It is said after being defeated by Sher Shah, Humayun jumped into Ganga. There, a  bhisti (water carrier) saved his life. As a reward for his noble deed, he was made king for one day. During this one day itself, he launched leather coins, and between these coins gold plate ware attached. In the short span of one day itself, the bhisti couldn’t refrain himself from launching his own coins, even though the coins were made up of leather.
After this ‘sikka chalana’ became a phrase for the power which is still in vogue. Even today, coins and asharfees (golden coins) are found while digging the old walls, mounds and ruins.  But the kind of coins we use now were first launched by Shershah Suri. Their weight was 11.66 gm with the purity of 91.7 percent silver.
In 19th century silver’s supply was reduced and it was not easily available. Now, gold got upper hand and became the standard of economy. In those days rupee got divided, as 11.34 gram silver turned in to 16 aanas or 64  paise and 192 pies. Till now it was in FPS System (British system), later it turned in to CGS system (a variant of metric system). In India and Pakistan this change took place in 1857 whereas in Srilanka it happened in 1869. Now our one silver rupee turned in to 100 paise and not 64 copper paise like eariler.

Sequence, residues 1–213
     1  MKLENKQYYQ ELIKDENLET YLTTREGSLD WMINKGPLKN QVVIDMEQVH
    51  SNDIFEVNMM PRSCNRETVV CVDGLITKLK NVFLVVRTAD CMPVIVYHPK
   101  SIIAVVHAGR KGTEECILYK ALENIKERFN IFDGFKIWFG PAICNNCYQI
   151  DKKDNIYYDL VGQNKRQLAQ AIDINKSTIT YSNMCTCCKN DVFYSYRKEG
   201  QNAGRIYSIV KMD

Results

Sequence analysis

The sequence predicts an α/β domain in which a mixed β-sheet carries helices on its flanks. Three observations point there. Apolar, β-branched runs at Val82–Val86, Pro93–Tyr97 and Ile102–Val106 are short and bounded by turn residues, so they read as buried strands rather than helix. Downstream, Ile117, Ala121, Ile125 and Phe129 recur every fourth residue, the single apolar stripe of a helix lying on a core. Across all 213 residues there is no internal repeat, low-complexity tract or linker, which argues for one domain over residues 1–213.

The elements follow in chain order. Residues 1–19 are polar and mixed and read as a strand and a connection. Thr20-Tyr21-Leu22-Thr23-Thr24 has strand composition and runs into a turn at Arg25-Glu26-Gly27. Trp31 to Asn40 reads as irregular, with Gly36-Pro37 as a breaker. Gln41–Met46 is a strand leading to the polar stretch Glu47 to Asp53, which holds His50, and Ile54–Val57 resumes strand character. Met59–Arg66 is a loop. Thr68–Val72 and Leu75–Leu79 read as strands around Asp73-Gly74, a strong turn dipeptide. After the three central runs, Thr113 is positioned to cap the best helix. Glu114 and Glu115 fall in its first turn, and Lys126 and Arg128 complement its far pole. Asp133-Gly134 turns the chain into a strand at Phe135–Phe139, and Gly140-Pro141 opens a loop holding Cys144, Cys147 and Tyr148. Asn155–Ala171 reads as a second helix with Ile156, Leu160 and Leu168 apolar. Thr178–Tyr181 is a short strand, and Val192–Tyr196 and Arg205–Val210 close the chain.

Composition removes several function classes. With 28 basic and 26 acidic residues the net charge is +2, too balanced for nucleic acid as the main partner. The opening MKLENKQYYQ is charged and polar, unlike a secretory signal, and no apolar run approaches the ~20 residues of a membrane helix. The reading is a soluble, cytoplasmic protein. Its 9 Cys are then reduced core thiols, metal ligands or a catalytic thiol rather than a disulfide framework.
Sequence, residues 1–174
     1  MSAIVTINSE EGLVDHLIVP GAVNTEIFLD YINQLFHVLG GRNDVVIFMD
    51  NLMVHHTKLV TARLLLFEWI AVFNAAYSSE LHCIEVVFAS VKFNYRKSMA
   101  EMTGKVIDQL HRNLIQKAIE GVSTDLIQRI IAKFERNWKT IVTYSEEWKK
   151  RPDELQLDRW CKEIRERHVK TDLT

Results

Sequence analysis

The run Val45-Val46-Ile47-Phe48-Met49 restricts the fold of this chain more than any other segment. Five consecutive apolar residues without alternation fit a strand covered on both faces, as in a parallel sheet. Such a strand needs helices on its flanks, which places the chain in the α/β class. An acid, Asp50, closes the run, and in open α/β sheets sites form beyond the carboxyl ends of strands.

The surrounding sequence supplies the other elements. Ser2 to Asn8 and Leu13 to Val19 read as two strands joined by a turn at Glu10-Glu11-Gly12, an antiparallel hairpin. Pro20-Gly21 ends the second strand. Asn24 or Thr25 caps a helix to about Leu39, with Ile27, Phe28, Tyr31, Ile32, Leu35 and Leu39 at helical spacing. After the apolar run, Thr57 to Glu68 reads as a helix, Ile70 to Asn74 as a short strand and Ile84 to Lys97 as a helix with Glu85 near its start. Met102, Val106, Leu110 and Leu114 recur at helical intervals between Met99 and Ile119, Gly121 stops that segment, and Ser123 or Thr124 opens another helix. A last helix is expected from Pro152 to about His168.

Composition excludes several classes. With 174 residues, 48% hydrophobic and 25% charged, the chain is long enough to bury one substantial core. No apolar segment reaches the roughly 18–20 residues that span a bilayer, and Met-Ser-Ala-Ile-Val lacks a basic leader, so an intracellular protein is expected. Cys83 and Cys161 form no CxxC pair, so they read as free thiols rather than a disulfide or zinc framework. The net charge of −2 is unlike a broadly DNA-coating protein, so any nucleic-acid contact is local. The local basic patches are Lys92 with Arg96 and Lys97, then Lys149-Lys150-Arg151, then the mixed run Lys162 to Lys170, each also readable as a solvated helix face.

Each particular empire and princely estates got their own coin. Due to diversity and competition, the value of coins kept changing. All of them were putting efforts to maintain value of their coin. Credit to replace metal coins with paper currency goes to British. For the first time in India, in 1773, General Bank of Bengal and Bihar launched the first paper currency. Later on ‘Bank of Bombay’ and ‘Bank of Madras’ received the right of launching currency in their own circle by a charter.
Bank of Bengal had been established as bank of Calcutta with a capital of 50 lakh rupees in 1806. The value of the notes 100, 250 and 500 including the name of the bank were imprinted on the currency in Urdu, Bangla and Devnagari scripts also. In 1861, Indian Government received its monopoly rights to print its own currencies  and  notes of presidency banks got null and void. Printing notes was not an easy task. Every process has to be well structured, controlled by disciplined mint master, controller and auditor general. These currencies of British India had the picture of Queen Victoria imprinted on it. These currencies had the value of 10, 20, 50, 100 and 1000 rupees.